All nations had contact with Chau only on the 18th of October. In an interview with Christianity Today, another leader at All Nations described Chau as "thorough and meticulous in his preparation" and said he had quarantined himself for some time before approaching the island, trying to reduce the risk of transmitting disease to reduce. Arlund said that All Nations had not given any specific logistical advice for Chau's mission, but believed that he was well prepared.
The apparent fact that Chau did not act impulsively or independently will unsettle his case for many evangelicals. "There is a high-wire act that evangelicals are struggling with," Kidd said. "For external observers, of course, they would say that this is cultural imperialism, you are impressing your culture. Evangelicals say we can set the culture aside and simply reduce it to the gospel. "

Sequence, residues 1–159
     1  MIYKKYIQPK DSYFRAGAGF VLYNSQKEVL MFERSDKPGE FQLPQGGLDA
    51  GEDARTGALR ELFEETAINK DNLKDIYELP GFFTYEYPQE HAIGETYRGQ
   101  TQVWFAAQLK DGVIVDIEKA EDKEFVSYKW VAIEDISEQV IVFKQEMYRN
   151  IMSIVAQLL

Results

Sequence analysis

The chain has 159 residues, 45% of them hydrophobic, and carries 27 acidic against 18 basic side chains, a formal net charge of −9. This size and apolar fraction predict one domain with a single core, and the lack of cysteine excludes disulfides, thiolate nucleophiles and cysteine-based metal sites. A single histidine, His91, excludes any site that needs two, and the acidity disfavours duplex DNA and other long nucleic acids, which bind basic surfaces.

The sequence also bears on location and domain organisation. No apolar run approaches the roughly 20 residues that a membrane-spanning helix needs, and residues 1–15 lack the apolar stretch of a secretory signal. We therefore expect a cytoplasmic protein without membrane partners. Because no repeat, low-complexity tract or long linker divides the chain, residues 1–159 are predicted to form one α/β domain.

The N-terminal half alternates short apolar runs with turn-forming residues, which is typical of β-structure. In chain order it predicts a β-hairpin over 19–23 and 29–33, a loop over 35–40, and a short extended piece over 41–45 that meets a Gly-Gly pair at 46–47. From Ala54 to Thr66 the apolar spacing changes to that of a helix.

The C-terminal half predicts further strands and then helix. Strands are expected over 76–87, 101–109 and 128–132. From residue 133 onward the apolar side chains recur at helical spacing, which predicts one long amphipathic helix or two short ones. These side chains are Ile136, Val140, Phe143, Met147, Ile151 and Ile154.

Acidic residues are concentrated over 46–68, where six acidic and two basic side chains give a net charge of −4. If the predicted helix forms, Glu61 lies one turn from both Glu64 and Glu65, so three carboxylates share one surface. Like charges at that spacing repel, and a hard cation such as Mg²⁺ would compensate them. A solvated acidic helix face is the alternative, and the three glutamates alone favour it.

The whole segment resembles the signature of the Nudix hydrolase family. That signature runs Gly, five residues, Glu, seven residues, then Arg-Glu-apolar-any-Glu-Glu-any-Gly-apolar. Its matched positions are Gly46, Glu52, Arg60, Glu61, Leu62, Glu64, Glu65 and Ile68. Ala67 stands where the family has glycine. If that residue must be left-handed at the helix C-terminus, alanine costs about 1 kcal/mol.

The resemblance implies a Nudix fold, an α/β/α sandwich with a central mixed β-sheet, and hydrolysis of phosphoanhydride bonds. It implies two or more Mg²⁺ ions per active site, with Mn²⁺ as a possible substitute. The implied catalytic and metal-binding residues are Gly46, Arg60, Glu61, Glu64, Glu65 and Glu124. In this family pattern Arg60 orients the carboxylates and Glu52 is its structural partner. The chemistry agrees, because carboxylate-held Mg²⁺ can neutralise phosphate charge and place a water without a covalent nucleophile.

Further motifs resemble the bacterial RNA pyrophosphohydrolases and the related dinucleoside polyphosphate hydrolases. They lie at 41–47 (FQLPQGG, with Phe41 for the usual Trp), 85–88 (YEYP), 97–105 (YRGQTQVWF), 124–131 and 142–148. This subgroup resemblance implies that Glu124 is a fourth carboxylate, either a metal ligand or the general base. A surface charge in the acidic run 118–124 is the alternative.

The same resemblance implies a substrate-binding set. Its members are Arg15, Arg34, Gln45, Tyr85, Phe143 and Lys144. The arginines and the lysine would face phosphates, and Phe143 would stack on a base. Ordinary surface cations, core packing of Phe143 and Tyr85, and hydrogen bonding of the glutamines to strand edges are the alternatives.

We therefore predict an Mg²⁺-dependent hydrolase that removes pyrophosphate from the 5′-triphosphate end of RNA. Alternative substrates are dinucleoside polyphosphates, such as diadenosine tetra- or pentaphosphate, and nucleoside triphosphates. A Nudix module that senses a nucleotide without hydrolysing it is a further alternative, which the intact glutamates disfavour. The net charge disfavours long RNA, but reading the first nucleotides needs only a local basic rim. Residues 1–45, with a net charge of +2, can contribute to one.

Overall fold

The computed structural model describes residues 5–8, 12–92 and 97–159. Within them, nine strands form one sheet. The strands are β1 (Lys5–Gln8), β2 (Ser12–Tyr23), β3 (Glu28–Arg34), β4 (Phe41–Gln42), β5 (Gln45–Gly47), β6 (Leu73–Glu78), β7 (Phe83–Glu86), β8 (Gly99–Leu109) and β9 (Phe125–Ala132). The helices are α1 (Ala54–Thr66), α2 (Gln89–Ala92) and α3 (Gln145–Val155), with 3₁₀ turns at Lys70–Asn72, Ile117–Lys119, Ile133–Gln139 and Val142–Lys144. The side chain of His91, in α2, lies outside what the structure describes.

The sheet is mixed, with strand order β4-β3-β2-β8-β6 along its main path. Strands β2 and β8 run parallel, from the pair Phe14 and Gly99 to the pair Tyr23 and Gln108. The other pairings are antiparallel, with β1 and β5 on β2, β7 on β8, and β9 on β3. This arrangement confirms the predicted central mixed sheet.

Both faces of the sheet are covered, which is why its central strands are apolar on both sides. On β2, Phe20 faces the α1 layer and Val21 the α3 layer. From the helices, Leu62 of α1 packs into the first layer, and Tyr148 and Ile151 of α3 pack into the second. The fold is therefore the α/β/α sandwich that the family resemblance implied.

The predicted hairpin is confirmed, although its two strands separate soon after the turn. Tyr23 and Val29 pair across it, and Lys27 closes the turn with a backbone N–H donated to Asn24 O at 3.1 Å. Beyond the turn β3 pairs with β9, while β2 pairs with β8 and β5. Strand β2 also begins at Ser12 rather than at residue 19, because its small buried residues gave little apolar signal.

This is an idea that would not have occurred to the five men in Ecuador who have been featured in hagiographic books and films since their death, including the drama of 2006 End of the Spear . (I attended an evangelical college in the late 1990s and lived in a dormitory named after one of the men for two years.) Kathryn Long points out that the deaths in Ecuador came at a critical time for evangelicals as they came to started seeing as a pronounced cohort. The influential journal Christianity Today was founded in 1956. In 1957, Billy Graham's evangelistic "crusade" took over Madison Square Garden for 16 weeks. At that time, "the five missionaries symbolized what the evangelicals wanted to be," Long said. Now, John Allen Chau could become the symbol for just the opposite.